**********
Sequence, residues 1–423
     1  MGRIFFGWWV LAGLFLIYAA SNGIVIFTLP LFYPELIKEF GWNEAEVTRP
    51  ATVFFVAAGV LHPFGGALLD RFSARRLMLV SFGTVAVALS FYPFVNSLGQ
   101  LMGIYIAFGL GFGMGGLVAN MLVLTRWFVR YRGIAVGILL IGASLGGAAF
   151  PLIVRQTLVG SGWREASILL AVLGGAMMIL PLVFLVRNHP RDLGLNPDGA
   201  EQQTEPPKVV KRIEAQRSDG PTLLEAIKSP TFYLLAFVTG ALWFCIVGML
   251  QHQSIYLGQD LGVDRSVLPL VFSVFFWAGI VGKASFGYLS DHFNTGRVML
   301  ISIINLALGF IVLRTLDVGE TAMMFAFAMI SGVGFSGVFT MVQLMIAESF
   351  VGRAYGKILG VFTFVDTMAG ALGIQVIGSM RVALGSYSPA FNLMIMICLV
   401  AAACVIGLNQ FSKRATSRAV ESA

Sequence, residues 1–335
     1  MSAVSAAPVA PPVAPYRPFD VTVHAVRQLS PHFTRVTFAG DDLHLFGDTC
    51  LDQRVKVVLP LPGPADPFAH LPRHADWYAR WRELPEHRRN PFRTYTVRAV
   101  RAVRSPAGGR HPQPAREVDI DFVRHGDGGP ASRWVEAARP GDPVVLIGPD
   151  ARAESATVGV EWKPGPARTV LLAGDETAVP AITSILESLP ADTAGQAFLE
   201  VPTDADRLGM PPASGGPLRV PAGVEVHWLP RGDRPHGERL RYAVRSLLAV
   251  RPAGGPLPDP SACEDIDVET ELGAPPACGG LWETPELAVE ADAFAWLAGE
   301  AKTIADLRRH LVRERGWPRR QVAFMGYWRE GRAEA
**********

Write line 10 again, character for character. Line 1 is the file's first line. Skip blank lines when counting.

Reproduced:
   401  AAACVIGLNQ FSKRATSRAV ESA